• This policy is a real trouble-maker. (See http://ubuntuforums.org/showpost.php?p=8956284&postcount=6). 700 "MB" CDs are apparently 700 MiB, but have always been referred to as 700 MB. The consequence is that people are seeing "oversized" ISOs when they really are properly sized, which is a much bigger issue than someone getting confused about the file size. Additionally, (@last poster) systems such as Windows use base-2, and the quickest way of checking integrity is looking at size.--Ibidem

• Yes, this policy fixes the problem that has existed for many years and has confused many users, such as not being able to fit 4.7 "GB" on a 4.7 GB DVD. See https://blueprints.launchpad.net/ubuntu/+spec/desktop-unit-consistency for some of the many issues this has caused. Yes, Windows uses the wrong units, which is a major cause of such problems. That's not a rationale for leaving it unfixed.

• File sizes have always been reported on pretty much any OS I can think of as base-2 even when using SI units (wrongly). To now go to changing to base-10 just to use the SI units correctly seems wrong -- why not simply update the MB to MiB, and etc? That way, everything, from RAM sizes, to file sizes, will use the same familiar general sizes, and the units are updated to be correct, and more importantly, educational. So what if hard drive manufacturers use base-10 units? No OS ever has, and to change it to avoid confusion is solving the wrong problem, imo. We should fix the units and presentation, not create even more inconsistency -- I love that command line tools get an exemption in the units policy, and now CD media may too. If we are aiming for less confusion, creating even more inconsistency makes no sense. Why not do something more simple and more logical -- pick the binary measurements that have been in use for decades (hence the cli exemption), and update the SI units to IEC units /everywhere/. Also, I am disappointed to see that Mac OS X has gone to SI units for reporting hard drive sizes as well, although I suspect from their KB article that they still report file sizes using base-2 and using SI units. More inconsistency.
• Apple OS X uses base 10 for file sizes, as does software like apt/Synaptic, etc.
• I believe people are used to seeing "KB, MB". Please don't change it. This is like moving the window buttons to the left side.
• It will still be "kB" and "MB" - it will just have the base 10 meaning instead of base 2.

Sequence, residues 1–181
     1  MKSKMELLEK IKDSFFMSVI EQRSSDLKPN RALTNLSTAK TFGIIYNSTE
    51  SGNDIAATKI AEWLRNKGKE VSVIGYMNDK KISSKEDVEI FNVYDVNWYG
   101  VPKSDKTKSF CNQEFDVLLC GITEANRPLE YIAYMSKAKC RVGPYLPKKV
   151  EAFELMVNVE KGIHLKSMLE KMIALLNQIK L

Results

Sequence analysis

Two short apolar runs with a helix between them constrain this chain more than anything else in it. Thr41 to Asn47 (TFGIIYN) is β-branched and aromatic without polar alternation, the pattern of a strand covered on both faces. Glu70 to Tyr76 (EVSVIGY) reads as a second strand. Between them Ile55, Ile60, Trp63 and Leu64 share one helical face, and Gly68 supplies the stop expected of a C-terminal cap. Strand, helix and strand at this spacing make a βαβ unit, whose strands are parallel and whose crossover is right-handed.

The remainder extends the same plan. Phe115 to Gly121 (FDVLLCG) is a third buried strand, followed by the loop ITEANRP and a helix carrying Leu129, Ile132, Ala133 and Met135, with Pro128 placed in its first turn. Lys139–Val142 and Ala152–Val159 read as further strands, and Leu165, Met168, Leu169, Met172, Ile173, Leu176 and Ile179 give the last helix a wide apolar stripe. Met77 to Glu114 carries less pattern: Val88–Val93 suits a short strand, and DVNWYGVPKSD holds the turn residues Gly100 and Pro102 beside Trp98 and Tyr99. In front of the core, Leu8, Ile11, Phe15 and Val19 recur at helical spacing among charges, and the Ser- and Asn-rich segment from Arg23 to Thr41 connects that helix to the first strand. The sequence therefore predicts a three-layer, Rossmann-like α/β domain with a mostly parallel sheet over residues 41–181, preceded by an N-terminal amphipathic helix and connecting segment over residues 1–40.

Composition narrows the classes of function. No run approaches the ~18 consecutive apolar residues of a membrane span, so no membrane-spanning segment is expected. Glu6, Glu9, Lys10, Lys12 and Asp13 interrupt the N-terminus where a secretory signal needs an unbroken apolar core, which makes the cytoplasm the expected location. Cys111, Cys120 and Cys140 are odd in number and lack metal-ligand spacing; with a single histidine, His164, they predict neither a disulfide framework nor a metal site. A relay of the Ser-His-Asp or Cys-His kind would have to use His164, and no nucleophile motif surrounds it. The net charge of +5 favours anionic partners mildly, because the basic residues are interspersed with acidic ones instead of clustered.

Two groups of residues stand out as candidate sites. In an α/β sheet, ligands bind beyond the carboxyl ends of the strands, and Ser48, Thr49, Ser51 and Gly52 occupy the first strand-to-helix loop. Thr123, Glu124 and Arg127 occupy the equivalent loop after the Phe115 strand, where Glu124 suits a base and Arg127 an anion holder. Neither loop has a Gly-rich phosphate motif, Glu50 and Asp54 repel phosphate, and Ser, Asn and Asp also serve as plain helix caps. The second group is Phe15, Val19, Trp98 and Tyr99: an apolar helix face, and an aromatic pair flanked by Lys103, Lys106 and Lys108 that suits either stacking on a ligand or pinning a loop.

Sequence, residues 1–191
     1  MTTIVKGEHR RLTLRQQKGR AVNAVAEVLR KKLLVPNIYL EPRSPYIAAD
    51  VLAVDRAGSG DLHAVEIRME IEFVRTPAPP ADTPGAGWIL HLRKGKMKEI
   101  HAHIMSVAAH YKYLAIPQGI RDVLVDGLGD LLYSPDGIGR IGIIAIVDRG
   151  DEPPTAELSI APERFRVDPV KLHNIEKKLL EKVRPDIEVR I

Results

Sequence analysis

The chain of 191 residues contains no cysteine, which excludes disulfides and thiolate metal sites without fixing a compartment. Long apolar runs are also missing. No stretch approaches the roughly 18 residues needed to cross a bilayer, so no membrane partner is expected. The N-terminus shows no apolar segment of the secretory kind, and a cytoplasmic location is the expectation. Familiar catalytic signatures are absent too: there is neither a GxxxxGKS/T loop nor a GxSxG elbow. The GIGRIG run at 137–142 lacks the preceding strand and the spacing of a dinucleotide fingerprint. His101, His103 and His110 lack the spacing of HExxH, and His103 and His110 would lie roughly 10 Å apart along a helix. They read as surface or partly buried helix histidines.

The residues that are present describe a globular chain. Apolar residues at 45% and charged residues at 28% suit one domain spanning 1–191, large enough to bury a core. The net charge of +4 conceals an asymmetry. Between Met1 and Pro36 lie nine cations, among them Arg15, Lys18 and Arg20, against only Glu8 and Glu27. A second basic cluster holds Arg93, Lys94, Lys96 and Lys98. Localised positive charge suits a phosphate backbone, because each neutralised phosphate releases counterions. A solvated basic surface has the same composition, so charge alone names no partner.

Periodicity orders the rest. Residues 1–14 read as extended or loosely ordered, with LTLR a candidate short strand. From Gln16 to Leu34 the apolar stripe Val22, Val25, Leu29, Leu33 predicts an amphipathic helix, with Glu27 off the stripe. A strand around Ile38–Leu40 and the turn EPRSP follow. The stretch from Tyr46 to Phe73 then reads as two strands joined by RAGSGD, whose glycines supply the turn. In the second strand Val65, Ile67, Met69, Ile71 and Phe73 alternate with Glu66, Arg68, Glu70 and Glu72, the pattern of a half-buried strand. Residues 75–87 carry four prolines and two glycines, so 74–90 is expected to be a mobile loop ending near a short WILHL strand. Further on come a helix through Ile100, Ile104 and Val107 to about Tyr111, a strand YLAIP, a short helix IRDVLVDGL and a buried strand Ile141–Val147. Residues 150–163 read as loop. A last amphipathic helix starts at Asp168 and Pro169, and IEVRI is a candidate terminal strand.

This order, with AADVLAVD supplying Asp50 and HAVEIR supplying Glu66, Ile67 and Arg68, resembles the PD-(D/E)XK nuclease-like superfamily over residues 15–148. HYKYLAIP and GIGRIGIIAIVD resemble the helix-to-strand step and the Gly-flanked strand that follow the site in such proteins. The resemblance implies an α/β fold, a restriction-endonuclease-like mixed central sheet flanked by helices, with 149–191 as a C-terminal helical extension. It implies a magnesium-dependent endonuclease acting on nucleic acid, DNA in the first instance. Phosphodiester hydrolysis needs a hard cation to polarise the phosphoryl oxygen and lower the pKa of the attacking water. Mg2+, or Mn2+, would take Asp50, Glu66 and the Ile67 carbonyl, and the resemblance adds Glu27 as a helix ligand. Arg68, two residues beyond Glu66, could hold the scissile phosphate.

• I think at this point in time most computer users are used to using base-2, even though its far more common to see SI units being incorrectly used. I believe the best way to go about this would to be simply fixing the already existing problems by updating them to the correct unit. Suddenly switching everyone to base-10 rules, which hardly anyone is actually familiar with would -- in my opinion cause more harm then good. Just my 2 cents.
• I disagree. The vast majority of people use base 10 in everyday life, not base 2. Ask any computer user who isn't technically-oriented how many bytes are in a kilobyte. They'll say 1000. Outside of the US, everyone is familiar with the metric system and SI prefixes, which always have a meaning of 1000s, not 1024s. This is the way they are used in computing, too, for processor speeds (GHz), networking (Mbps), mp3 bitrates (kbps), sizes of hard drives, DVDs, USB flash memory sticks, and other media (GB), camera resolutions (MP), etc. These are all base 10. Dividing by 1024 is not natural or logical - it needs to be taught as an exception to the rule - so it's only the technically-oriented people who have already learned it that need to unlearn it. Most computer users don't even realize it's there.
• The exception on command-line tools is very important (and quite obvious). However, I think it would be great to go as far as adding options to the most commonly used command-line tools, such as --si|--decimal and --iec|--binary. If such patches were propagated upstream (I'm dreading such options restricted to one distribution for the sake of cross-distribution compatibility for scripts), it would allow developers and sysadmins to choose to use them. -- RaphaelPinson

• Also, it would be great to try and get this into FreeDesktop. KDE4 apps already use the xiB convention by default for example. -- RaphaelPinson

• Don't change any numbers, nowhere, never, it will confuse the hell out of the users, both newbies (Windows uses Base-2 everywhere last time I checked) and hackers (I first learned about Base-10 prefixes circa 3 years ago, I grew up with Base-2 and never liked Base-10). If you absolutely think you must change anything, modify the unit names to correctly reflect the numbers. BTW, Nautilus uses "KB" instead of "kb" (I use Jaunty). -- -- claydragon 2010-03-27 18:06:28

• Couldn't agree more. Hands off the numbers - just change the units if you must. -- KennoVO

• I think KiB, MiB, GiB, etc., are fine and increase clarity and usability, but we should abandon the use of kB, mB, gB entirely because they hold two possible meanings (the popular/defacto meaning (up until a few years back), or the "standard"/unpopular meaning) which make them unreliable and possibly inaccurate. I would be in favor of adjusting all the prefixes to read using the -ibi system. I would also be in favor of seeing a standards body tackling a new way to specify the SI sizes that is unambiguous, maybe by replacing the idea of Byte with that of Octet, for example, where kO could mean, unambiguously, a "thousand octets." -- JeffDay

UnitsPolicy (last edited 2010-03-28 04:38:53 by 66-178-152-69)